We welcome guest blog submissions and encourage you to write about mental health in all its shapes and forms to share on our facebook site.

 We would like to request that when you submit your blog article that you avoid the following:

  • Use of language which could cause distress
  • Advertising or commercial promotion
  • Requests for financial support
  • Being disrespectful to others
  • Rudeness or badmouthing others

We reserve the right to edit blogs or not publish. We reserve the right to do so without explanation. We hope that we can help you to have your say and will endeavour to use appropriate images to support your blog or include your photographs where desirable.

With all good wishes Steve

Please email your submission posts to 

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How to become more resilient in 2014

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Resilience is the term used to describe a person’s capacity to cope with changes, face challenges and bounce back during difficult times. Most of you reading this will know someone who always manages to smile despite adversity. Indeed, you too will at times have demonstrated resilience in the face of difficulties. Look back to a time when you faced problems in your life and somehow managed to cope using your own resources? How did you manage it? What kept you going?

What I aim to convey in this piece is how to shore up and galvanise your resources to help you develop greater resilience. It may be that you are doing this already, then well done. What better to time to give it some thought though than the beginning of 2014.

Here is a description of the qualities of resilience we are aspiring for:

“The person who is resilient will be able to recognise and manage their own emotions, and acknowledge that others too have feelings and understand what they are going through. The person who is resilient will be able to stand alone, with a strong sense of self and self-worth. They will be able to make decisions, solve problems and be able to rely on their own resources to do so. They will have a clear sense of direction and purpose in life.”

Does this sound like a tall order? Well, this is something to aspire to, and should be viewed as “work in progress.” If you understand the principals it will be a set of skills you can aim to master (a bit like learning to ride a bicycle or driving a car).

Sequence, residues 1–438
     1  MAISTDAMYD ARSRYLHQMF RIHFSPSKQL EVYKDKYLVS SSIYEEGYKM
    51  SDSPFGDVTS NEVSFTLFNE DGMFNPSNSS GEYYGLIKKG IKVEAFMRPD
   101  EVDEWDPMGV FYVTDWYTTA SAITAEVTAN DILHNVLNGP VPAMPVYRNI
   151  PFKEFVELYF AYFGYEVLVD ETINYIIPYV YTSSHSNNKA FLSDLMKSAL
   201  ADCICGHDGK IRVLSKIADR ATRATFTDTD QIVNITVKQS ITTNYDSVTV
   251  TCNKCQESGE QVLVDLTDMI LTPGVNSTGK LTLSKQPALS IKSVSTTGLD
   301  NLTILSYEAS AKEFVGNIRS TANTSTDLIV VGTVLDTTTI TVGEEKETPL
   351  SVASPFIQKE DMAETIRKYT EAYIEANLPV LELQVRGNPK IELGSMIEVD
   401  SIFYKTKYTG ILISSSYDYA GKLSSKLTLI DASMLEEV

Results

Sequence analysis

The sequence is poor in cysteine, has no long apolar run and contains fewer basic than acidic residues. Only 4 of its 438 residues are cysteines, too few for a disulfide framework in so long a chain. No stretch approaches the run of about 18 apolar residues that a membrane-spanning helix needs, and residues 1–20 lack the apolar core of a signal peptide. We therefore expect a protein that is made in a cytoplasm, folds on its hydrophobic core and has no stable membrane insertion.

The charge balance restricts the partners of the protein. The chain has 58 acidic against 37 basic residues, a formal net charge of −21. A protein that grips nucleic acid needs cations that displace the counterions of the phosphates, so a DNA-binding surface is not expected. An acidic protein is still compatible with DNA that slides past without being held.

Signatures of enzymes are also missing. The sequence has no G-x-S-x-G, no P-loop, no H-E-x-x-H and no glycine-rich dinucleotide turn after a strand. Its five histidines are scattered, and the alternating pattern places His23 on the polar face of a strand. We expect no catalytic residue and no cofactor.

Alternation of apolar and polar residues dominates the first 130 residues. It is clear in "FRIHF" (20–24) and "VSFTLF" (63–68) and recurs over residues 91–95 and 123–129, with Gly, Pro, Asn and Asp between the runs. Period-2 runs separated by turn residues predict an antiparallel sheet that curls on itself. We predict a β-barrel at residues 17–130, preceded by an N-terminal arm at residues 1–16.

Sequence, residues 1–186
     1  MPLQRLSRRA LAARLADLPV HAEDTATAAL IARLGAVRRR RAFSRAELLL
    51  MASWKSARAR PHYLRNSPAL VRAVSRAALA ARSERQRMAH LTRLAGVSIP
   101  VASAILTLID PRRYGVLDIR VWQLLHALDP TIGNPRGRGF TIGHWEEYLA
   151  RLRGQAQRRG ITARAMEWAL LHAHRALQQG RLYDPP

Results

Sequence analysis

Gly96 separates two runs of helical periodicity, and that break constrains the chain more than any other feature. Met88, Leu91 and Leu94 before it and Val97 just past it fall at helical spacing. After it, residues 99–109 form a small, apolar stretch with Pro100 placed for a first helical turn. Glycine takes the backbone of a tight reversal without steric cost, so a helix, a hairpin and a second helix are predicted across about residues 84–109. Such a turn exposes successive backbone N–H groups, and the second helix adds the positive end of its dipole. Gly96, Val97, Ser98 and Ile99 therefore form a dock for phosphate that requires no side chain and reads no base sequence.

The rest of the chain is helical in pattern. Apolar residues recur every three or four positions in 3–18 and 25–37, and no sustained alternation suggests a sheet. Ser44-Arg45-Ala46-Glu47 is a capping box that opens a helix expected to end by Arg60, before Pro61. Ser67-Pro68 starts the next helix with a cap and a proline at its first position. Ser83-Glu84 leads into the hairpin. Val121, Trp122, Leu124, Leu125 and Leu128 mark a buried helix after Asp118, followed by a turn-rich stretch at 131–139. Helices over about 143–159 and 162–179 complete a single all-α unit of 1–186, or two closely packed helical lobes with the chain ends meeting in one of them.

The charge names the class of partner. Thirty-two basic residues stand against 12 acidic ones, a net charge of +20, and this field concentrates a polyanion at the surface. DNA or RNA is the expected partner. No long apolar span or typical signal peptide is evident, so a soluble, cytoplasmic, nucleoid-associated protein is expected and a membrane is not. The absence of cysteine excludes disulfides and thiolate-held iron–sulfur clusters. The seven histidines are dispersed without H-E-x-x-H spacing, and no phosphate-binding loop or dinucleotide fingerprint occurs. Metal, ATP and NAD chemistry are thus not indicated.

Here are ten tips:

1. Even in the face of setbacks try to develop a “positive mental attitude”. Step back and look at the bigger picture if possible. Is there another way of looking at this? Can you see any other way of looking at this setback so as to draw some positive from it?

2. Believe in your own abilities and trust your own judgement. Be open and honest with others.

3. Communicate with others whenever you can and try to give positive feedback and encouragement. Try not to be critical, harsh or judgemental. Remember, they too are trying to do their best and just like us, they might get it wrong sometimes.

4. Work to build, maintain and develop support networks. Find someone you can turn to who can become a role model or mentor. Find someone to trust and confide in. Support those around you and allow them to support you.

5. Aim to foster mutual respect between those around you and the wider world. Recognise the pressures and outside influences on others. Take time out to explore new places and meet new people.

6. Take every opportunity to learn and develop yourself. Assist in the learning and development of others.

7. Strive to foster inclusion and belonging. Involve others in decision making wherever possible, celebrate diversity and promote mental well-being in your community.

8. Take time to have fun and be fun. Learn to laugh at yourself and see the funny side of things. Try to take life “less seriously” when you don’t have to.

9. Involve yourself in community projects and activities to help others. Seek opportunities to think and act in enterprising ways.

10. Remember, above all, you are “good enough” just as you are. Expect that some days won’t be great. Stop comparing yourself and embrace your failures as opportunities to learn, we all have to.

Until next time, Steve Clifford, Cognitive Behavioural Psychotherapist.

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Ten tips for less Stress in 2014

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Most of the stress we experience in life is self-inflicted. We can’t do much to change the weather and traffic jams will still be an inevitable part of the daily commute in 2014. We will still have the same twenty-four hours in a day and bills will still need to be paid. However, by making a few small changes to our outlook, combined with some practical tweaks along the way and the stress can be reduced by as much as 50% in some cases.

Tip 1. Get up an hour earlier. No, this isn’t my sadistic suggestion number one! Having a bit of quiet time for you before the family gets up can really allow you to have quiet time for reflection, meditation, a leisurely shower or bath. Starting the day on “slow, gentle and peaceful” setting rather than ” hurried, rushed and late” mode will really make a difference to your outlook for the rest of the day.